Woman sent 20 miles to cross Doncaster train track

  • Published
Karen Redmile
Image caption,
Ms Redmile has a chronic condition which affects her movement

A disabled nurse is angry that she has to make a 20-mile round trip to get to the other side of a railway track.

Karen Redmile uses Doncaster's Thorne North station to travel to and from work and is usually helped across the tracks to the opposite platform.

But restricted access after 1400 GMT means she now has to catch a train to Goole and then back to Thorne to get to the correct platform.

Northern Rail said other options were being investigated.

Ms Redmile, who is a councillor for Thorne, has Behcet's Syndrome, a chronic condition which affects her movement.

She is used to being helped by a conductor over the tracks on a "barrow crossing" to the opposite platform where there is a ramp out of the station.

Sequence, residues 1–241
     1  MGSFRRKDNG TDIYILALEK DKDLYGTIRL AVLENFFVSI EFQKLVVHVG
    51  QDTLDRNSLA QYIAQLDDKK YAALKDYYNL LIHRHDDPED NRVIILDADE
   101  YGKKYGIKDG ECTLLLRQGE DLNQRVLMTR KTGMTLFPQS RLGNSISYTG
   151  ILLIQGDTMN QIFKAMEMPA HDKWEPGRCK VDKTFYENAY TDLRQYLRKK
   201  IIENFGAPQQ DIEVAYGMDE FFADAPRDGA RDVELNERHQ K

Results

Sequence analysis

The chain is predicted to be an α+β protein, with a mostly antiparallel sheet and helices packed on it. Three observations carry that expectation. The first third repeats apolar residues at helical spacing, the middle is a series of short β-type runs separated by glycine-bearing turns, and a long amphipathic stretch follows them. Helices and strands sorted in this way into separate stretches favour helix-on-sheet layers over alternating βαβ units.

Ms Redmile is unable to use the footbridge because her condition makes it too painful.

'Stuck at station'

But she said a member of railway staff recently advised her to stay on the train to Goole 10 miles away where she could change platforms and then catch a return service to Thorne.

Image caption,
Northern Rail said it could only provide access when the station was manned

She said: "Up until recently the conductor used to walk you over to the bridge, unlock the gate and walk across.

"Without any signs being put up or any warning at all, the facility has just been stopped and so last week myself and a friend with a baby in a pram found ourselves stuck on the station."

Rail user and mother Becky Armstrong also criticised the changes.

She said: "I need the crossing and so do other mums with pushchairs."

Pete Myers, head of service quality for Northern Rail, said: "We can only provide access across the barrow crossing at Thorne North when the station is manned, which is why the station has always been advertised as inaccessible outside of these hours.

"However, we are working with our industry partners to investigate safe ways of assisting customers across the crossing when the station is unmanned."

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